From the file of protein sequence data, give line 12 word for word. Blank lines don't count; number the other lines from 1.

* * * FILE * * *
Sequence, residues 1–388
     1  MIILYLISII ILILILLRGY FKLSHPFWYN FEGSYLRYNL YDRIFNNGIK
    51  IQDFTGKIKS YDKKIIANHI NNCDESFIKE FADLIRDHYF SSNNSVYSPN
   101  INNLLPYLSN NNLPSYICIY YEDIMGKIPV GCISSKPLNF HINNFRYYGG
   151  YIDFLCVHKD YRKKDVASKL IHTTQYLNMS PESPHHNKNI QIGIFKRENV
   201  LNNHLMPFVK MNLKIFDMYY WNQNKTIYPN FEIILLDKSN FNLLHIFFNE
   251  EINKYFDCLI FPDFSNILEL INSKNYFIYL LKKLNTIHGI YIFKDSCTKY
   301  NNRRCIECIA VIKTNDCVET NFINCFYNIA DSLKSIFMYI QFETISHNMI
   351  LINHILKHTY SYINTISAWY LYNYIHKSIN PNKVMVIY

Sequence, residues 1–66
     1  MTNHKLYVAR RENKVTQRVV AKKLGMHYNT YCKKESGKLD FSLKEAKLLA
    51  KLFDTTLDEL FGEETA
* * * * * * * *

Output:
    51  KLFDTTLDEL FGEETA